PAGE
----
The superpower of web components is their reusability. StencilJS extends this superpower even further by providing and easy-to-use starter kit for making agnostic web components. This means you can use your Stencil components in other front-end frameworks or libraries like React, Angular, or Vue.
You can simply create the web component and publish it on npm. With that you can then import the published package into your app project and use the html tag in your code.
The aim of this article is precisely to guide you through the process of creating reusable web components by making a basic accordion component with StencilJS and how you can then reuse this in a React app.
The first part of this article guides you through how to create the accordion component with StencilJS. The second part will then show how to publish the finished web component in npm and how to integrate it into your React app project.
Creating your Accordion Component with StencilJS
Start by creating a folder and inside it run this in your terminal:
npm init stencil
Then, pick the component starter kit in the options which will create all of the folders and files necessary for you to create your new component. Make sure to run npm install to download all of the dependencies.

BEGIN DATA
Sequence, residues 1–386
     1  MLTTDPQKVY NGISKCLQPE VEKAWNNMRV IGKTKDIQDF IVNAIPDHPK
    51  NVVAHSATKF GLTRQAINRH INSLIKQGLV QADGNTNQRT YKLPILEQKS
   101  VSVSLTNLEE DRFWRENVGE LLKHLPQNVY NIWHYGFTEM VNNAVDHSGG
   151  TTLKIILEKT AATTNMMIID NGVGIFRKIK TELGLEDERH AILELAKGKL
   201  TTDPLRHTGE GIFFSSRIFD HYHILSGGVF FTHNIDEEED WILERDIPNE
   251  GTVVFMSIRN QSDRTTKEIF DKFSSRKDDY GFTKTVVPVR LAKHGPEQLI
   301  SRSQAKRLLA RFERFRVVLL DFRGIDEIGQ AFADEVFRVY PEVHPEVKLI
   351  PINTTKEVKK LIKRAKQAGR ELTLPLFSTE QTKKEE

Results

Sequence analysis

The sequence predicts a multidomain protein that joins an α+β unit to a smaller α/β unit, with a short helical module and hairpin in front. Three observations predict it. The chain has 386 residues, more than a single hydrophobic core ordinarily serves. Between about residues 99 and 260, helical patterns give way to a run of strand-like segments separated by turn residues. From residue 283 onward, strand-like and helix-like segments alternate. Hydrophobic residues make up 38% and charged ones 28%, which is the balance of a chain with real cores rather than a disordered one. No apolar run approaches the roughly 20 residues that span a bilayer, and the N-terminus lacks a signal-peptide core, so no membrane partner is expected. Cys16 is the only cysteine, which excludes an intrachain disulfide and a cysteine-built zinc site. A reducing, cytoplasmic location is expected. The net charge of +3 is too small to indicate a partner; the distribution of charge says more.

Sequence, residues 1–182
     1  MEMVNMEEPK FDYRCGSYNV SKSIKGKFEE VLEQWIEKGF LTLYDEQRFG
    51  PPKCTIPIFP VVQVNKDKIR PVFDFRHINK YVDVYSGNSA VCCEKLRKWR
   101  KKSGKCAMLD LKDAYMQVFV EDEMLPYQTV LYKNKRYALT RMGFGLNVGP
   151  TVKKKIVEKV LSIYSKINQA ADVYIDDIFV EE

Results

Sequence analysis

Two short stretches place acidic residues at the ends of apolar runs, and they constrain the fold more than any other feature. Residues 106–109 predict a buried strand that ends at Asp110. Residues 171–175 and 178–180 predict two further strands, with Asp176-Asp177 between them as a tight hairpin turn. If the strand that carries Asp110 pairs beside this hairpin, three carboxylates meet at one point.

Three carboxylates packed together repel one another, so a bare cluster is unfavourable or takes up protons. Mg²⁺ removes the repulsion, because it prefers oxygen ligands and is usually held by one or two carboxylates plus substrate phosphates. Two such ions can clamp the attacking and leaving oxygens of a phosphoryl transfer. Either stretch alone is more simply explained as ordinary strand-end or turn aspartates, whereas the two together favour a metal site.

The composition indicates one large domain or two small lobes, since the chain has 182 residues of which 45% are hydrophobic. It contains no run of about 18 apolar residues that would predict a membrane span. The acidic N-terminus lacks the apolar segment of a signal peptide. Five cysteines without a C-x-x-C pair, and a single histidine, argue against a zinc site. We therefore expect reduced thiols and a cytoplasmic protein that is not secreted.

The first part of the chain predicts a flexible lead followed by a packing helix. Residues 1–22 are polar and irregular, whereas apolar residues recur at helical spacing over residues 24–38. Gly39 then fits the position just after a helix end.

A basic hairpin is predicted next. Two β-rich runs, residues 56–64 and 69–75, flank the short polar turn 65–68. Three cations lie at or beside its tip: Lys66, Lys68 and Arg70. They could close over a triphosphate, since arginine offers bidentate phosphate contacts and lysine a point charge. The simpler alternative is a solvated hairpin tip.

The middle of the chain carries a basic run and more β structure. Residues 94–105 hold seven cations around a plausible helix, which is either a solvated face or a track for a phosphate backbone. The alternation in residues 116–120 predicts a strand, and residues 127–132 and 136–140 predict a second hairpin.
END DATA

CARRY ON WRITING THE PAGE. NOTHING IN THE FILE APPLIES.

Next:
Inside the src folder, create a component called my-accordion and in the my-accordion.tsx file create the structure for an accordion component. You will be able to change the color, width, label, and description of this reusable component by making Props for these characteristics.
The following is the full code in the .tsx file:
In the my-accordion.scss file, paste the following to format the visual design of the accordion:
In the index.html file paste the following code to see the finished component in the browser:
As you can might notice in the accordion’s html tag, you can feed your chosen string values to the Props label, description, width, and color. This will allow you to customize this reusable web component in your application with whatever text, size, and color you prefer.
Once these steps are done, run this in your terminal:
This will automatically open a browser and show you the accordion component which should look like this:
Hurray! Now that we’ve made the accordion component, wouldn’t be great if we could reuse this in any project where we need this customizable component? We can do just that regardless of the front-end framework or library you are using.
Ready? We can now proceed to part two of this article. In part two, we will find out how to build the component for production, publish it in npm, and then reuse this in a React app. You can check out the repo of this StencilJS component here.